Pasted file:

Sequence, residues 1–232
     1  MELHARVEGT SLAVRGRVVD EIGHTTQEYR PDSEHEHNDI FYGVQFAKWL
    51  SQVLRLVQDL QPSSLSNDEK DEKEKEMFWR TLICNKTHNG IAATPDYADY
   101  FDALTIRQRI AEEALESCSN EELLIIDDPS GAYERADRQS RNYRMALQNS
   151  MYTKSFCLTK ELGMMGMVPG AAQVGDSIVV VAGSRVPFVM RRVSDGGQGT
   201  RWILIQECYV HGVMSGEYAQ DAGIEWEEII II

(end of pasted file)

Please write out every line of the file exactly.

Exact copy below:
Sequence, residues 1–232
     1  MELHARVEGT SLAVRGRVVD EIGHTTQEYR PDSEHEHNDI FYGVQFAKWL
    51  SQVLRLVQDL QPSSLSNDEK DEKEKEMFWR TLICNKTHNG IAATPDYADY
   101  FDALTIRQRI AEEALESCSN EELLIIDDPS GAYERADRQS RNYRMALQNS
   151  MYTKSFCLTK ELGMMGMVPG AAQVGDSIVV VAGSRVPFVM RRVSDGGQGT
   201  RWILIQECYV HGVMSGEYAQ DAGIEWEEII II